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squarefish
(...trusty steed of the rodeo midget...)
Location: the state of flux
Member Since: 23rd Sep 2002
Total posts: 403
Posted:thats probably it then,
if its' sunny where you are try hanging them out on a washing linefor a few days, making sure to bring them in when it begins to get dark.

alternatively you can try to get the water out by soaking your wicks in a flamable polar solvent which the water will become diluted into. (sciencey bit)

container large enough for wicks and one hand
watery wicks
Isopropyl alcohol
rubber gloves

Put on the gloves
1. Put your wicks in the tin can
2. cover wick with Isopropyl alcohol
3. squeeze and massage wicks under Isopropyl alcohol
4. leave for 1 hour in alcohol
5. remove wicks from alcohol, discard alcohol, spin off wicks, leave to dry in sun,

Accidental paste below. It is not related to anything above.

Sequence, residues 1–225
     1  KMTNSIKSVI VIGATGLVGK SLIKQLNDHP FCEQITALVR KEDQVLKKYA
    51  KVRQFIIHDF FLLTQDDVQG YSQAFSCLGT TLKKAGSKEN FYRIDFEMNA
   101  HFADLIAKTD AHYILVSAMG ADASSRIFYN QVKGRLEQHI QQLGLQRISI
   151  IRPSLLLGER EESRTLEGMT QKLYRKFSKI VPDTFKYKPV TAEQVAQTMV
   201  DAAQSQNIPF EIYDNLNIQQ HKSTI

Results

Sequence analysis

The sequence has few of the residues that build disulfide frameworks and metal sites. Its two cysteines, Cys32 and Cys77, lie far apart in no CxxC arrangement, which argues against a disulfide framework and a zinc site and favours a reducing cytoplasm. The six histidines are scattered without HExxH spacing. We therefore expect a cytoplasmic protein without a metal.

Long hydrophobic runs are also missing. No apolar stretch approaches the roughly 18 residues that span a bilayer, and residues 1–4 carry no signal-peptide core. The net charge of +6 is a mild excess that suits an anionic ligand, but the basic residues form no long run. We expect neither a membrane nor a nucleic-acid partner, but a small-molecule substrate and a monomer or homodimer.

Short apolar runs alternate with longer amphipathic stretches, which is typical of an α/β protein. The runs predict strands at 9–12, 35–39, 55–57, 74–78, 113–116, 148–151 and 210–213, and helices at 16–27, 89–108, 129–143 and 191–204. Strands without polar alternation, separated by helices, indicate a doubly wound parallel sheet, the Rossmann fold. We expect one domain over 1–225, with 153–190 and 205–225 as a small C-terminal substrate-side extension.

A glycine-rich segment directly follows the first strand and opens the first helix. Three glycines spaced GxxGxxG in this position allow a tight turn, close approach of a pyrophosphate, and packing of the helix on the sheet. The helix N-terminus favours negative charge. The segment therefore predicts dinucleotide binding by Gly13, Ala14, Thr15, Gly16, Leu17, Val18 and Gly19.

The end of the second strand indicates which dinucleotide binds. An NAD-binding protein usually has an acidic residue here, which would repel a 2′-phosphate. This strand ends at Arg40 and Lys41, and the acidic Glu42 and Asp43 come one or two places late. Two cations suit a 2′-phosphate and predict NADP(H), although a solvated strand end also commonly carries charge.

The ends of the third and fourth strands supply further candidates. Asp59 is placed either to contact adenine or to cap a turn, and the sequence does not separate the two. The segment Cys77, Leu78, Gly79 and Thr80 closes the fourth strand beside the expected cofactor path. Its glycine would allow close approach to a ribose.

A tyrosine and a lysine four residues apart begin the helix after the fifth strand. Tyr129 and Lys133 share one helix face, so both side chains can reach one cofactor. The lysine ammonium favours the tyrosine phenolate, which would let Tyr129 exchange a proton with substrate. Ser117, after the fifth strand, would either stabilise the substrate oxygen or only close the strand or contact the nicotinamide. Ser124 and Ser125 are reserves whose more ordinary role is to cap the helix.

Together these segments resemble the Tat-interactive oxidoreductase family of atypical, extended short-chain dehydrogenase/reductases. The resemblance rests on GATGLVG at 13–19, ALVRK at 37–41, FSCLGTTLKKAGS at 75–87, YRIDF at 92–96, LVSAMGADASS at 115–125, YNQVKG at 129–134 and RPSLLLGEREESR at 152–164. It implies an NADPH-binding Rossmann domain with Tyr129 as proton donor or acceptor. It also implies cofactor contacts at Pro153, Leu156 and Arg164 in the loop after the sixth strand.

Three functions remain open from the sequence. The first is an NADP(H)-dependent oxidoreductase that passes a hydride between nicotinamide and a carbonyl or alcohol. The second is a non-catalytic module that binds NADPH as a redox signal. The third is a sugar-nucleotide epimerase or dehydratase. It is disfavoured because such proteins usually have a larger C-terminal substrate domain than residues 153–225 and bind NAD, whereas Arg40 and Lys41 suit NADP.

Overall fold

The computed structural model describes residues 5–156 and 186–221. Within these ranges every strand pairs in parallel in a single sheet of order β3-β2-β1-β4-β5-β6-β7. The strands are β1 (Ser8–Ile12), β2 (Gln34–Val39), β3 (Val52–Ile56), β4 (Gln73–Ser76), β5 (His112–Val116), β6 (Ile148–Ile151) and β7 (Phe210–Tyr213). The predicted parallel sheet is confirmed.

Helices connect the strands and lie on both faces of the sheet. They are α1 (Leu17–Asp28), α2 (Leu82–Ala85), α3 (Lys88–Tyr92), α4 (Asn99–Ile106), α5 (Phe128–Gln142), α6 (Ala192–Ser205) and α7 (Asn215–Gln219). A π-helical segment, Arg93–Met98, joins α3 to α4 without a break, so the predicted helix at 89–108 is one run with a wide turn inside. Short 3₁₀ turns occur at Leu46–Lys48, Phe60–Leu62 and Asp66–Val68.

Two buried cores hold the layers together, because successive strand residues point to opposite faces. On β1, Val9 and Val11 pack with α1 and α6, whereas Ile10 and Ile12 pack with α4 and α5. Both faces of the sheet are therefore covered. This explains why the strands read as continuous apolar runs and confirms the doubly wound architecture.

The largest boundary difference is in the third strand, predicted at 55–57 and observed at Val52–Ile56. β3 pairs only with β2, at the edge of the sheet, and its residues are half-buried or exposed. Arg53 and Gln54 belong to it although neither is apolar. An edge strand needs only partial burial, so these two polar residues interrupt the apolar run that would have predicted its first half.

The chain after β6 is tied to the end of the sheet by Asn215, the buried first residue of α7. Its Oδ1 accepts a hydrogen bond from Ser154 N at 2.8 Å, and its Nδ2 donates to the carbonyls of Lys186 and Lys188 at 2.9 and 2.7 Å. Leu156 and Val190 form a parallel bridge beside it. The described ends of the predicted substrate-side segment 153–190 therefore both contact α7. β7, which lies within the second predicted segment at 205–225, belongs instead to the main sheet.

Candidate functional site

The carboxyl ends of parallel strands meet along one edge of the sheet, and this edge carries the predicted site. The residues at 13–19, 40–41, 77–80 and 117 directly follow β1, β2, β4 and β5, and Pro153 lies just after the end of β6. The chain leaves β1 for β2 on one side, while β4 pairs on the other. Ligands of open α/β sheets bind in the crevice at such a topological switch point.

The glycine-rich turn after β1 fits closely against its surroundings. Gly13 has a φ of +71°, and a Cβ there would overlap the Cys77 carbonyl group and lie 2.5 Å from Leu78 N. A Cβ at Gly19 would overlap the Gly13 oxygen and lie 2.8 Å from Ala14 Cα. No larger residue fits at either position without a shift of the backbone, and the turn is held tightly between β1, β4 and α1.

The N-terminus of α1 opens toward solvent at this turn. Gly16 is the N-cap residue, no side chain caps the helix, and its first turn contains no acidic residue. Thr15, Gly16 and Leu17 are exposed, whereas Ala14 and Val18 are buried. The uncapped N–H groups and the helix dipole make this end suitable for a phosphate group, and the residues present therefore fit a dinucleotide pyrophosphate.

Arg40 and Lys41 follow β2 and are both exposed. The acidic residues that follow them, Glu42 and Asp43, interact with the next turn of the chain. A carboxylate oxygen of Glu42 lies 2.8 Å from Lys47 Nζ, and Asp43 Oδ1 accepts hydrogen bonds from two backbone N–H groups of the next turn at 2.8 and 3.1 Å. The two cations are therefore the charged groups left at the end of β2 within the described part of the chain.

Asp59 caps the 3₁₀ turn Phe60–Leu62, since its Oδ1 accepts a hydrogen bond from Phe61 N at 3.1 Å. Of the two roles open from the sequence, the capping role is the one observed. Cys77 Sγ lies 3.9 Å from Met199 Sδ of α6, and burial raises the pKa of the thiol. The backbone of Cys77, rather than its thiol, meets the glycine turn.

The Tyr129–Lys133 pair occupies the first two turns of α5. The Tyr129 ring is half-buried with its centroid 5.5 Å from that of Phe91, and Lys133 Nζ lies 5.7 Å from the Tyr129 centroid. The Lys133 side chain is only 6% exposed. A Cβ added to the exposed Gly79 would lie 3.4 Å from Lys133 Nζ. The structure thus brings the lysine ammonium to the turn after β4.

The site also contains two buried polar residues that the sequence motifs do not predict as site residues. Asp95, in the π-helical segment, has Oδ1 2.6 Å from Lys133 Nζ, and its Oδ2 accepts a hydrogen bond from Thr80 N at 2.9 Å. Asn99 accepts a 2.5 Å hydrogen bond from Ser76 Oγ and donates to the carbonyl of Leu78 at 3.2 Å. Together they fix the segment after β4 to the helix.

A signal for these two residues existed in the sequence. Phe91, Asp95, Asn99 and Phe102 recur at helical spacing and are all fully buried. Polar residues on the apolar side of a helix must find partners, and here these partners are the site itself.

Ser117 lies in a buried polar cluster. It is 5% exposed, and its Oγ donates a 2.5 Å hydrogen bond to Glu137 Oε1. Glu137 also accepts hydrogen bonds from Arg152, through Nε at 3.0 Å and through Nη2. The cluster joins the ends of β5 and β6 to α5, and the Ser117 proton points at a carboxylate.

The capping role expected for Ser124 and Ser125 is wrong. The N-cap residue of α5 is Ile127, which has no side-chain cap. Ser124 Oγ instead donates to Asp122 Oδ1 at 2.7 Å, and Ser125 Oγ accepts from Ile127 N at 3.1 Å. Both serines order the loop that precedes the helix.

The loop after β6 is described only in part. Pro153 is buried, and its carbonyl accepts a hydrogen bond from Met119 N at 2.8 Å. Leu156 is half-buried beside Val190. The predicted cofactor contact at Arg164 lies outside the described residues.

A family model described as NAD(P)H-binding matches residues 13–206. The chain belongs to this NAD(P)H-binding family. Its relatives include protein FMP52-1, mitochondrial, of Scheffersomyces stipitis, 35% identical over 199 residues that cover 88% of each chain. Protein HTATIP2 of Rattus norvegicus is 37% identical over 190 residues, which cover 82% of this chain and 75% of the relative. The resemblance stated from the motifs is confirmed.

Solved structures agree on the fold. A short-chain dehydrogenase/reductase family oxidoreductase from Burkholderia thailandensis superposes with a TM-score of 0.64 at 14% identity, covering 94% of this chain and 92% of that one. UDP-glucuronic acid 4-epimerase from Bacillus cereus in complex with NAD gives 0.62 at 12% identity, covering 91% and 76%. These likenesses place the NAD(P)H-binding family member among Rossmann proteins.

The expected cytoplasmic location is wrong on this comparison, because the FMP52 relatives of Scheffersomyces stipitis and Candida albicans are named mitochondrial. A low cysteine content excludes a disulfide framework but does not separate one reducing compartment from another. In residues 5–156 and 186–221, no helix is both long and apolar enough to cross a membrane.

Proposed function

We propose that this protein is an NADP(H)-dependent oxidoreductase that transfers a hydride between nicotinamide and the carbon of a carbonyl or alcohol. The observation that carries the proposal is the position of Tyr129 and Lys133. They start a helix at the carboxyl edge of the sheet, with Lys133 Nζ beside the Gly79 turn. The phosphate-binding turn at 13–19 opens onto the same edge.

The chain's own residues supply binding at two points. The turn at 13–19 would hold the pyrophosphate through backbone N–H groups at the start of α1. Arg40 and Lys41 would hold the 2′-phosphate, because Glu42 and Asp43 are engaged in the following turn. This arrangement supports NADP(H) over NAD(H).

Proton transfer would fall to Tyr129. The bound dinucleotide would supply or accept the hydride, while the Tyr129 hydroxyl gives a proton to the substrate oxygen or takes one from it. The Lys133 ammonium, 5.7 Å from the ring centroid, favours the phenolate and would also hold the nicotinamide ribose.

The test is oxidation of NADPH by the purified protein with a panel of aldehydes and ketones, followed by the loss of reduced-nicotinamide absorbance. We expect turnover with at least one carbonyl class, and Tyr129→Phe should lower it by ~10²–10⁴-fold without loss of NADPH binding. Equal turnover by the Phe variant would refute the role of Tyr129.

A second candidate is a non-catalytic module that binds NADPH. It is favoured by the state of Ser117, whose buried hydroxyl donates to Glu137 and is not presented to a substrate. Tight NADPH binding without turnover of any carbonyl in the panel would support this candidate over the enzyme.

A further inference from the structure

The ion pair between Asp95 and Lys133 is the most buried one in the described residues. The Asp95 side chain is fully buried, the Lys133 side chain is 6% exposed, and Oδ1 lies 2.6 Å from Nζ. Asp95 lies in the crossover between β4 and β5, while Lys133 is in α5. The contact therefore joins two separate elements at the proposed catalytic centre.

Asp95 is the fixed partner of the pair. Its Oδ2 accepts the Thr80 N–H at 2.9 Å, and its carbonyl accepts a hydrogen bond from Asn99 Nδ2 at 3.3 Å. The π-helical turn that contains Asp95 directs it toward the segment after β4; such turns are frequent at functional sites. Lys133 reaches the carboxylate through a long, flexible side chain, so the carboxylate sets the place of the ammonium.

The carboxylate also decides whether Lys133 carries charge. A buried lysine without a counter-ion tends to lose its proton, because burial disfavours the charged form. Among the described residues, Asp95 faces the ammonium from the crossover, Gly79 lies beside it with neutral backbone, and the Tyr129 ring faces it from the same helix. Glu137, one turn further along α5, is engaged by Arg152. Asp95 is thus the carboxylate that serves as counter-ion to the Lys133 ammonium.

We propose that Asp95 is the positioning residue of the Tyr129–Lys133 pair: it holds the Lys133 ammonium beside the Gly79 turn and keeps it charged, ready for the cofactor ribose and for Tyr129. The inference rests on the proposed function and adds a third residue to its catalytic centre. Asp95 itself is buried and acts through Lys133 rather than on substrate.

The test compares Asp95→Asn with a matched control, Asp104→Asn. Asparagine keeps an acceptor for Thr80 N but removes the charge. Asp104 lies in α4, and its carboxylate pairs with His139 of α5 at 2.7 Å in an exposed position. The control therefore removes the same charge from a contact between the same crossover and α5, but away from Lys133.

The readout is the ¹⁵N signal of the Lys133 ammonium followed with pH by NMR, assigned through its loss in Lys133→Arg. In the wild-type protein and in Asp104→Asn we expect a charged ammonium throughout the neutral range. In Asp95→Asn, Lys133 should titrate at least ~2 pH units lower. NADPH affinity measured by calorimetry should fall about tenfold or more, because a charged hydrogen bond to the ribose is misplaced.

6. repeat once

This should extract nearly all of the water from the wicks
DO NOT GET THEM WET AGAIN!

Fun with science has been brought to you today by the Squarefish foundation ubbidea


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Chimney
Chimney

member

Member Since: 15th Apr 2006
Total posts: 85
Posted:I do love my science. THough my advanced higher at school taught me little, it is good for understanding stuff such as polar solvents and how water is polar and amphoteric and blah blah blah. Cheers, I'll do the drying on the washing line. It is really nice today.

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sketch
sketch

Empirically random...
Location: Lincoln
Member Since: 16th May 2006